Labour's new line on free schools
14 Nov 2011
It's always nice to have your own words re-quoted, so thank you to Labour's new Shadow Schools Secretary, Stephen Twigg, for quoting from my last Guardian column -- even if he did describe me as the 'veteran' education correspondent (I’ll try to take it as a compliment).
Stephen was quoting my description of the way Michael Gove's policy on academies and free schools was, effectively, 'nationalising' education, since these schools are wholly-funded and regulated by central government.
Setting out his own thoughts on the way ahead for free schools, Twigg suggested following the model of the Co-op schools. For Labour, he said, the test of free schools will be that:
- they should not be imposed
- they should not take money from other schools
- they should close the attainment gap between rich and poor
Clearly free schools will be a tricky policy issue for Labour, as they are likely to be well entrenched by the next election. Hence the interesting, if subtle, shift set out here.
Here's an excerpt from his recent speech:
'EduCo-op trust schools will be part of the answer to this democratic deficit. The numbers of trust schools are growing - from 100 pilots in 2008, to over 200 by early next year.
There is a need for more research into the impact of these schools, but the early results are encouraging. Just like the original academies, co-op trust schools have been set up in some of the toughest communities in England.
With support from the Co-operative Schools Society, such schools can access the kind of support services which their local authority may no longer provide, but in a way that provides services which can be designed directly by the users from the bottom up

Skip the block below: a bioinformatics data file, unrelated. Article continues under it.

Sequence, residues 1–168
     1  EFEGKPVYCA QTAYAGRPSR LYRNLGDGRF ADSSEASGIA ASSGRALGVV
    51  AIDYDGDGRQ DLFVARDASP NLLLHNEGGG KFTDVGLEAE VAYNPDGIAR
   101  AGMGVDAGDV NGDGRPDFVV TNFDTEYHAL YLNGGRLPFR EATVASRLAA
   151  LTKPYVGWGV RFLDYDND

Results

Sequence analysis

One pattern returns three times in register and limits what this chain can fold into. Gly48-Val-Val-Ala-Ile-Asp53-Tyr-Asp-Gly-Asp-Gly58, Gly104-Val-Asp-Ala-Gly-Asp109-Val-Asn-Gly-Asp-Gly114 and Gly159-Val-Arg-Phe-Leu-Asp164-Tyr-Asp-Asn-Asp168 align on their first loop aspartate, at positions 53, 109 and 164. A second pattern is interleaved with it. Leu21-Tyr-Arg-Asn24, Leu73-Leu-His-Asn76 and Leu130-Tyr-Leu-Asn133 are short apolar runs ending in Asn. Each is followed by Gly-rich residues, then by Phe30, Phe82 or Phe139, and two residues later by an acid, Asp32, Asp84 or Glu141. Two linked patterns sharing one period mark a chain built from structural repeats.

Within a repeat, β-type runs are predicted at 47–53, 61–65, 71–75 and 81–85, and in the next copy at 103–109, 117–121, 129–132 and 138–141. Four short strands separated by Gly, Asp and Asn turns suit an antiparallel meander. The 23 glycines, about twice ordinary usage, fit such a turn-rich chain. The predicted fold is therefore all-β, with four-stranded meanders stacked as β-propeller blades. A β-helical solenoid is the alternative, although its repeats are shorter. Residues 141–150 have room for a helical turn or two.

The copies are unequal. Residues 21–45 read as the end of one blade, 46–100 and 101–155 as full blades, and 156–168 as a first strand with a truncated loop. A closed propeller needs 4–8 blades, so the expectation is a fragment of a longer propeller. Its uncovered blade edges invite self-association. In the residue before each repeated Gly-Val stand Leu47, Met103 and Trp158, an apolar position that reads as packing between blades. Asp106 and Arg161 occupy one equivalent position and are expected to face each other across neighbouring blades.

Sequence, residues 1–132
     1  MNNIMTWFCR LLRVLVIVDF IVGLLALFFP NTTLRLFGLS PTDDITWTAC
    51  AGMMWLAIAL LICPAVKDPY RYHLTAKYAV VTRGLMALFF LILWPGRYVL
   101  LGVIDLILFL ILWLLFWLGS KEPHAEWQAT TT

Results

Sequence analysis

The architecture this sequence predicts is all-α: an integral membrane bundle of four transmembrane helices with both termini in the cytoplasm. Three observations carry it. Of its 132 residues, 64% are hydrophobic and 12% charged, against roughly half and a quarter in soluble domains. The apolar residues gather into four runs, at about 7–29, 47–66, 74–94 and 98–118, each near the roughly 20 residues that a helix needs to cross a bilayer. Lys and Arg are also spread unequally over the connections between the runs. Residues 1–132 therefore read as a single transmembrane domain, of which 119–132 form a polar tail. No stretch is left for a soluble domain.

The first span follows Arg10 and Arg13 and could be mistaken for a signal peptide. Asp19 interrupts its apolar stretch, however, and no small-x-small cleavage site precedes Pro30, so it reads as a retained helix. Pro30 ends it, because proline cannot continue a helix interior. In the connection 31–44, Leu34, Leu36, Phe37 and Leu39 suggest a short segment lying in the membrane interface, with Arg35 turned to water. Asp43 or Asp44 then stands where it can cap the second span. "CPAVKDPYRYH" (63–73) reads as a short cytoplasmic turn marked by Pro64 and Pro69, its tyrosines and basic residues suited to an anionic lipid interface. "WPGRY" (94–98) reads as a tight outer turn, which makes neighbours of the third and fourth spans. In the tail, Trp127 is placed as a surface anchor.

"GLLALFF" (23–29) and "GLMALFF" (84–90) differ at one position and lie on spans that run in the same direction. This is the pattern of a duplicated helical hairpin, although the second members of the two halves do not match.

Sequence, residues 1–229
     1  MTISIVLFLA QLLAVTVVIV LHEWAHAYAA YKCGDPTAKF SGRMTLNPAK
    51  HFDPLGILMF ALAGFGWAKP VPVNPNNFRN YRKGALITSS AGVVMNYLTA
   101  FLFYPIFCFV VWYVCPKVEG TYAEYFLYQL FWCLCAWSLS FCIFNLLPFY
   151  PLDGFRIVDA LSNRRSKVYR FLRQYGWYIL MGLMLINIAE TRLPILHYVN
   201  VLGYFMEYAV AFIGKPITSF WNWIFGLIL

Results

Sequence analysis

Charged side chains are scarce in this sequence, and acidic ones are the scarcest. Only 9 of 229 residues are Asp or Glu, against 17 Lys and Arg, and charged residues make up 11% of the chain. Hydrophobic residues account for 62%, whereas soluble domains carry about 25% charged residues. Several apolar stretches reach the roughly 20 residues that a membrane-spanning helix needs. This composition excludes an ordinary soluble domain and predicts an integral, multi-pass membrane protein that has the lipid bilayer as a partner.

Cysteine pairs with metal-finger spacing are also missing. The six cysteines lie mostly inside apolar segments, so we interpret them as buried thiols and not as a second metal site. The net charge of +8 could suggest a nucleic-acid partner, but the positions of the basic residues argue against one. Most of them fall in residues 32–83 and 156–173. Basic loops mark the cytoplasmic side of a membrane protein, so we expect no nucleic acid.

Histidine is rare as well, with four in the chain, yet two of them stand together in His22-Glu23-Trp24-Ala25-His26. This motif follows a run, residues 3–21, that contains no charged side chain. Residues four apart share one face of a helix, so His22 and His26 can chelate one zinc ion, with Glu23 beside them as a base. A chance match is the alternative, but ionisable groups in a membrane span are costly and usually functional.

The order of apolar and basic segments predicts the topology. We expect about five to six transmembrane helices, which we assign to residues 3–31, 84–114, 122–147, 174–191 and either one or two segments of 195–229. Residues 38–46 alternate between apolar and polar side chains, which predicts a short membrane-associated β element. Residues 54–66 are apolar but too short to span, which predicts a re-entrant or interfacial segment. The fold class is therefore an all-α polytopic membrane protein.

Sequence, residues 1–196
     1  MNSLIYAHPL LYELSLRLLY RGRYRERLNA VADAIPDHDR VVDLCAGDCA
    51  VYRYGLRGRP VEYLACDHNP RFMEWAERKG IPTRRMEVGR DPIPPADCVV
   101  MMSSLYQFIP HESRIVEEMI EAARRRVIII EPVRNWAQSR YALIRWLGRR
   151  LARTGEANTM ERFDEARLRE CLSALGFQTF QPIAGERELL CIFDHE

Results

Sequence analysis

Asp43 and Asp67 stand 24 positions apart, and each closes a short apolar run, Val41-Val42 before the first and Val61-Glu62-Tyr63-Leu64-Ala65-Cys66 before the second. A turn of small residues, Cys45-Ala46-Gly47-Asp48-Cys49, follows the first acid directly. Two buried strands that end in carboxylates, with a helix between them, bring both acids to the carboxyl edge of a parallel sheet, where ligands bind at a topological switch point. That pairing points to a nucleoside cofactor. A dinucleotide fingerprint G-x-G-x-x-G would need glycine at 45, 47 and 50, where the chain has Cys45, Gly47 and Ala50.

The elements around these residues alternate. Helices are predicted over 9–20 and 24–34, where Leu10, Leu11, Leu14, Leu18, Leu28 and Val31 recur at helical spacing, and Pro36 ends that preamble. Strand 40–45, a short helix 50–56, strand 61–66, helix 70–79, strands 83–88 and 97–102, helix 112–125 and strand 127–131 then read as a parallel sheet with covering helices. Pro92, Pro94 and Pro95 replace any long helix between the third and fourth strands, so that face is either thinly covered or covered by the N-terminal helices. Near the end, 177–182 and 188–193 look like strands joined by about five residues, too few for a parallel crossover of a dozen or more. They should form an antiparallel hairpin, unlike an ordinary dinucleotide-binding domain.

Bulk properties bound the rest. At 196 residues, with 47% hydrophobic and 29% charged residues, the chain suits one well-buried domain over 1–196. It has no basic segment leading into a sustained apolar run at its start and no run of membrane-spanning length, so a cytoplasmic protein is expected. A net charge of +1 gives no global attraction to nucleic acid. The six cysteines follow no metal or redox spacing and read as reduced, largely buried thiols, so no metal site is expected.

The schools can get best value for money through joint purchasing arrangements, an environment in which skills swaps can be facilitated, access to new funding through the charitable status of the trust and greater links with the local community.
Take Cornwall, which has a number of small schools - many fewer than 120 pupils - that want to protect and preserve their unique character. They are close to becoming the first local authority to have the majority of schools come together to form a co-operative trust across the county to ensure decisions are made by the local community.
As well as promoting parents and teachers as active citizens, the co-operative model can encourage pupils to become engaged in shaping their own destinies.The co-operative movement is clearly experiencing a renaissance.
And that is why I will put evidence at the heart of Labour's education policies.
So we have set specific tests for free schools. We oppose the imposition of such schools, and the cuts to other schools budgets to fund them. But we want to see good schools that extend opportunities, particularly in deprived areas, drive up standards in their localities, and close the attainment gap between children from rich and poor backgrounds. That is the basis on which we will assess free schools.'